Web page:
Soon after joining Odaiko New England, I was handed a piece of paper with a few instructions on it and a couple hand-drawn diagrams. This was my introduction to making drums.
I like to joke that the first thing Elaine Fong said to me when I first introduced myself at one of ONE’s festival performances was, “Do you have any construction experience?” (In fact, I think that was the SECOND thing she said…)
Pretty much from the time that I was learning to play taiko, I was also learning how to make taiko. And most of that learning was painstaking trial and error (emphasis on “error”). Now that I have many years behind me and 60+ drums under my belt, I’d like to share some of my process with you, partially as therapy and partially to help those who are looking to do the same thing.
There are MANY resources for making drums and many MUCH BETTER drum-makers than I. Therefore, I choose to write this from the perspective of someone who has made considerable mistakes and does NOT claim to be an expert in anything. You don’t need (or really want) me to tell you how to make taiko. Instead, I’d like to share what I’ve learned about how NOT to make taiko – along with a few tips that may save you time and frustration.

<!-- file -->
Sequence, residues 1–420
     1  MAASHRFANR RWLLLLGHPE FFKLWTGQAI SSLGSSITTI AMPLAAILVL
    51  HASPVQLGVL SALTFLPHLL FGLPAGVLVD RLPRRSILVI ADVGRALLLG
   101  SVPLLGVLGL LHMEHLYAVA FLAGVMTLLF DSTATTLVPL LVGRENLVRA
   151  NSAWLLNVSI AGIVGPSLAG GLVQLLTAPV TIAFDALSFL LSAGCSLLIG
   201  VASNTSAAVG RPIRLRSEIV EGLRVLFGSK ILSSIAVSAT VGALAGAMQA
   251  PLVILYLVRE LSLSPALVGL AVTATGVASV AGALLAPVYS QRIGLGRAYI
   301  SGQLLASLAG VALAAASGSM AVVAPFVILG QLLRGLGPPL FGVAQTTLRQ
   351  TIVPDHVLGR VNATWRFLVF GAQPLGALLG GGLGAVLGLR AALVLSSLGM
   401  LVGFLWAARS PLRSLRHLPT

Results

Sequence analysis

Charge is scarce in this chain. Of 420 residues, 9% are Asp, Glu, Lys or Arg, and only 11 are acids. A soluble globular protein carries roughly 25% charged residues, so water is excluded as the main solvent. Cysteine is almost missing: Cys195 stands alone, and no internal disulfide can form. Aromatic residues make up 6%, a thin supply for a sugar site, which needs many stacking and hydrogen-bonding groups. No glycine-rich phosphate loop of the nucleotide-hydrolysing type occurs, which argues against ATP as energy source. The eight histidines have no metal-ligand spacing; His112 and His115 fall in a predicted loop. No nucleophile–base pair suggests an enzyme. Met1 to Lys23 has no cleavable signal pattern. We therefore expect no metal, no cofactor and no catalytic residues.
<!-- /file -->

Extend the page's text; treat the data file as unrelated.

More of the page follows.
And if you learn nothing from this, at least you will know that anyone with marginal skills in building, a father with an engineering degree and a 65-gallon, American oak whiskey barrel FULL of stubbornness can build taiko. Decent taiko.
I intend to be very candid with my approach to drum-making and want to be clear that I mean absolutely NO disrespect for those out there making beautiful taiko for decades. I will always aspire to build at their level but don’t ever expect to. Mark Miyoshi, I am NOT!
I also apologize in advance for forgetting credit where due but I honestly will try to cite where each piece of knowledge and inspiration comes from because I strongly believe in acknowledgement.
And with that, here begins my adventure…